Hello friends and family. How goes it?Another holiday about to happen , and you know what that means- corny poetry, stuffed animals with cute messages, serenading, and kissing your diet goodbye with large amounts of chocolate.(You know I’m right. No one will judge you.) But we’re not talking solely about ol’ Valentine’s Day. Some of you single folks must be thinking, praise Jesus. Today we’re going to discuss whether we should celebrate the holidays at all.
During last Christmas season, a couple of individuals expressed how we as followers of Christ shouldn’t celebrate certain holidays or indulge in certain customs because of pagan origins surrounding them. I’ll just give a few examples.
The Christmas tree, which is a holiday custom, originated in ancient Egypt, where evergreen trees represented immortality and fertility.(Ferrell, 40)
“Egyptian priests taught that the evergreen tree sprang forth from the grave of their god Osiris, whom after being murdered by another god, was resurrected through the energy in an evergreen tree”(Ferrell, 40)
Valentine’s Day is said to have originated in Rome, where a festival was celebrated on February 15 to honor Faunus, the Roman deity of agriculture.(“History of Valentines Day”)
Making resolutions and setting goals around New Years is believed to have dated back to ancient Babylon, where Babylonians made promises to their gods hoping they would have a great year.(“History of New Year’s)
Halloween came about during the dark ages. It was originally called devil’s night by the dominant church in Europe, which adopted pagan customs. The day was later rechristened as ‘Halloween’. It was believed that devils would walk around on this night. The Druids of ancient France and Britain were devil worshipers who pushed for a celebration on October 31 to honor their Celtic sun god and the lord of the dead. They worshiped Satan, who was the bringer of death. They believed the dead would rise from their resting places and walk amongst the living. Because of this sacrifices were made for the dead and festivals were held to honor them. The Druids taught that if you did not honor the deceased that when you yourself passed, you would be reincarnated as an animal. (Ferrell, 64;65)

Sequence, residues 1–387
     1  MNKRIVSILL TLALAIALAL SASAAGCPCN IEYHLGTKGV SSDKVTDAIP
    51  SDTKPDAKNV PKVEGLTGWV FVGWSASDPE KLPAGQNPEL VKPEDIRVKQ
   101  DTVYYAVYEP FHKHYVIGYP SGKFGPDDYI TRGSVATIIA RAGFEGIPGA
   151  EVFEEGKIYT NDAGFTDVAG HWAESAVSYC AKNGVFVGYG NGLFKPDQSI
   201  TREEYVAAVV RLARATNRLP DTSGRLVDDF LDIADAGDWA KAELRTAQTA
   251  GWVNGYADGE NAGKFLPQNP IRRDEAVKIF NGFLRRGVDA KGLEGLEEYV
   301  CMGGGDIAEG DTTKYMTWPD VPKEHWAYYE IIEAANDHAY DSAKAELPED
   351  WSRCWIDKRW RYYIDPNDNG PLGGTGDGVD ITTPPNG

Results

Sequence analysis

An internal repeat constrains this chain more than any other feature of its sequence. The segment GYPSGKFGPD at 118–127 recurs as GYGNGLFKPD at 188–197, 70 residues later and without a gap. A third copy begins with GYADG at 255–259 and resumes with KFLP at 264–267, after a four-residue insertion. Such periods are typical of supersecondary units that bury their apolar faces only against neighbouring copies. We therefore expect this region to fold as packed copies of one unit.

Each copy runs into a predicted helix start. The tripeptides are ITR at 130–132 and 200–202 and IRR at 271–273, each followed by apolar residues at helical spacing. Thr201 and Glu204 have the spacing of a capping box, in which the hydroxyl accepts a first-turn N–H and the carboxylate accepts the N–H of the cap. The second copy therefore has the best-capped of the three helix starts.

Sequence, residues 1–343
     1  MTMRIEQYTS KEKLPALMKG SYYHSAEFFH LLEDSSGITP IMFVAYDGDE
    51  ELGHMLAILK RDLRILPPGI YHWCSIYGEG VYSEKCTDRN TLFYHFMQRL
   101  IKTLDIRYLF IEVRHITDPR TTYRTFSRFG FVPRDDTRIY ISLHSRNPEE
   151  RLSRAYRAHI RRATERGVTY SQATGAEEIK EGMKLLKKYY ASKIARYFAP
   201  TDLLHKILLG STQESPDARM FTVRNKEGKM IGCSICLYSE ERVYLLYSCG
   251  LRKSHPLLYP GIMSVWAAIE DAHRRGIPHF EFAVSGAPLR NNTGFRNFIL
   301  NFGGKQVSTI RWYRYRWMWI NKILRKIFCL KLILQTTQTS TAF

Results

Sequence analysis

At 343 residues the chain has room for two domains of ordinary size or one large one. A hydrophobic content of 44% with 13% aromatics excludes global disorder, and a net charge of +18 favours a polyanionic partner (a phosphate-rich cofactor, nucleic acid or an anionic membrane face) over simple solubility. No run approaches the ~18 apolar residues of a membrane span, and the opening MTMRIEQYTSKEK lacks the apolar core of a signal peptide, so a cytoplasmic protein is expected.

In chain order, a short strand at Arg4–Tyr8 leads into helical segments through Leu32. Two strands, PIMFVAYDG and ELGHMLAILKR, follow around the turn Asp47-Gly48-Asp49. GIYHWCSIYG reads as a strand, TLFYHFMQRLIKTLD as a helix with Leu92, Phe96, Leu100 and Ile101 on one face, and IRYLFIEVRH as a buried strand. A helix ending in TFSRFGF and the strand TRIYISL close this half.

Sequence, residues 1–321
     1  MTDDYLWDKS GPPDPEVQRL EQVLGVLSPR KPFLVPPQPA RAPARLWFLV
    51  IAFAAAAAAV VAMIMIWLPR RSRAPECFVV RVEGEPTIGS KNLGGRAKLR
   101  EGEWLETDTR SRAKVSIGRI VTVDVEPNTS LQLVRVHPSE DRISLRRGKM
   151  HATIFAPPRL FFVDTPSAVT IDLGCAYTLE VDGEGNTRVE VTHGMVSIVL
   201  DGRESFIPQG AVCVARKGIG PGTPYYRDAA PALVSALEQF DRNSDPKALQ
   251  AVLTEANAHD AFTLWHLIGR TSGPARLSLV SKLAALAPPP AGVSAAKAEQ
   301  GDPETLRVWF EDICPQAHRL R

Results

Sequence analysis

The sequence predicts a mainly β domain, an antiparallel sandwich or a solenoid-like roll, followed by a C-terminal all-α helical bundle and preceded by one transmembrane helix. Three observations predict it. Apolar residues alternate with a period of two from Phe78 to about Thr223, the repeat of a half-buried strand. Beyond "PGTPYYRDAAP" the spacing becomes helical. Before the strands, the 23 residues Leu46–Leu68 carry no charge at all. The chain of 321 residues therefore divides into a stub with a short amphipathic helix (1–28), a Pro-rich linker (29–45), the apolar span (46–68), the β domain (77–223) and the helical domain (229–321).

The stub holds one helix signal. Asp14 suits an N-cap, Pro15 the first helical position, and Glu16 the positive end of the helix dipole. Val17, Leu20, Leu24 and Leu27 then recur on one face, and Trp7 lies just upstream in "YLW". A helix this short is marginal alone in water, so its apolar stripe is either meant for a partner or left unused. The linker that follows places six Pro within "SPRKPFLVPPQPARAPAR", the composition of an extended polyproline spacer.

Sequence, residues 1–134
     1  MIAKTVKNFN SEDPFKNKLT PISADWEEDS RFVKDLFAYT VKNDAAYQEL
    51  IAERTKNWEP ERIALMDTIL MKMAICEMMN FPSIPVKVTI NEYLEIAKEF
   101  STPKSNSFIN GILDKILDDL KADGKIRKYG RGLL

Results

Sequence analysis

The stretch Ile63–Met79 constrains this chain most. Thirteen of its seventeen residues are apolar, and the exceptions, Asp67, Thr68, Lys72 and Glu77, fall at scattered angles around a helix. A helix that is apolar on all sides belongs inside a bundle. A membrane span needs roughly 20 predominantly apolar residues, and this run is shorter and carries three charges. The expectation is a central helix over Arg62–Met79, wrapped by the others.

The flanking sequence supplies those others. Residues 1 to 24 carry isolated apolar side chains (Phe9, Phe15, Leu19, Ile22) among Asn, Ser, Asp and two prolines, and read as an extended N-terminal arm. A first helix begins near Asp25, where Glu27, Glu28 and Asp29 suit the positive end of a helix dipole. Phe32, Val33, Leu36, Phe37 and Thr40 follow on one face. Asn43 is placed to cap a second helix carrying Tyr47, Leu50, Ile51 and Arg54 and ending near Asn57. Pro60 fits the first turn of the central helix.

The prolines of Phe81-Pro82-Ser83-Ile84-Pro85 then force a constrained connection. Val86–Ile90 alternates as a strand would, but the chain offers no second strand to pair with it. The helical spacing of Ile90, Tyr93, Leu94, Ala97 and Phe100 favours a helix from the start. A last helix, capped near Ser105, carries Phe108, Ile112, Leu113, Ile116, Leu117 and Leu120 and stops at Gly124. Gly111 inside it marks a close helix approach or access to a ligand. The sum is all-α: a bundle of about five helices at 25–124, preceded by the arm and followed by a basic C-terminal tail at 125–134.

There may not be anything pagan about this one, but I found it an interesting opinion. Someone I know refers to Thanksgiving as Indian Oppression Day, which I kinda get because let’s be honest, the Native Americans got a really raw deal. Their land was seized, they were enslaved, plagued with diseases brought by European settlers, and so many Native Americans passed away on the hectic journey we know as the Trail of Tears. Also, Hollywood has a history of not always portraying them in the best light. Too often they are depicted as savages.
Should we should in these customs and holidays or not?
I believe If you can find Christ or honor Christ in any of these days, go ahead and celebrate them. I celebrate Christmas in remembrance of the greatest gift God gave to us all those years ago- His only begotten son, so that we may have a chance to be saved. Thanksgiving reminds me that I should “give thanks with a grateful heart” and “give thanks to the Holy one”, as a song goes. Valentine’s Day may be a reminder of my occasional loneliness, but it also reminds me to love others as I would myself. It reminds me that I should love God because he loves me.
But why do we need to remember and celebrate these thing just on these particular days of the year, some would argue. To them I say, you don’t have to. The days can just be reminders of how we should go about the entire days of the year. Throughout the year, show love towards others; honor your father and mother so you’ll live a full life; remember it is better to give than to receive; give thanks for all the good you have in your life; and always set goals so you can grow as a human being.
Thank you for reading and God Bless.
History.com Staff. “New Year’s.” History.com, A&E Television Networks, 2010, http://www.history.com/topics/holidays/new-years.
History.com Staff. “History of Valentine’s Day.” History.com, A&E Television Networks, 2009, http://www.history.com/topics/valentines-day/history-of-valentines-day.
Ferrell, Vance. Christmas, Easter, and Halloween Where Did They Come From? Altamont: Harvestime Books.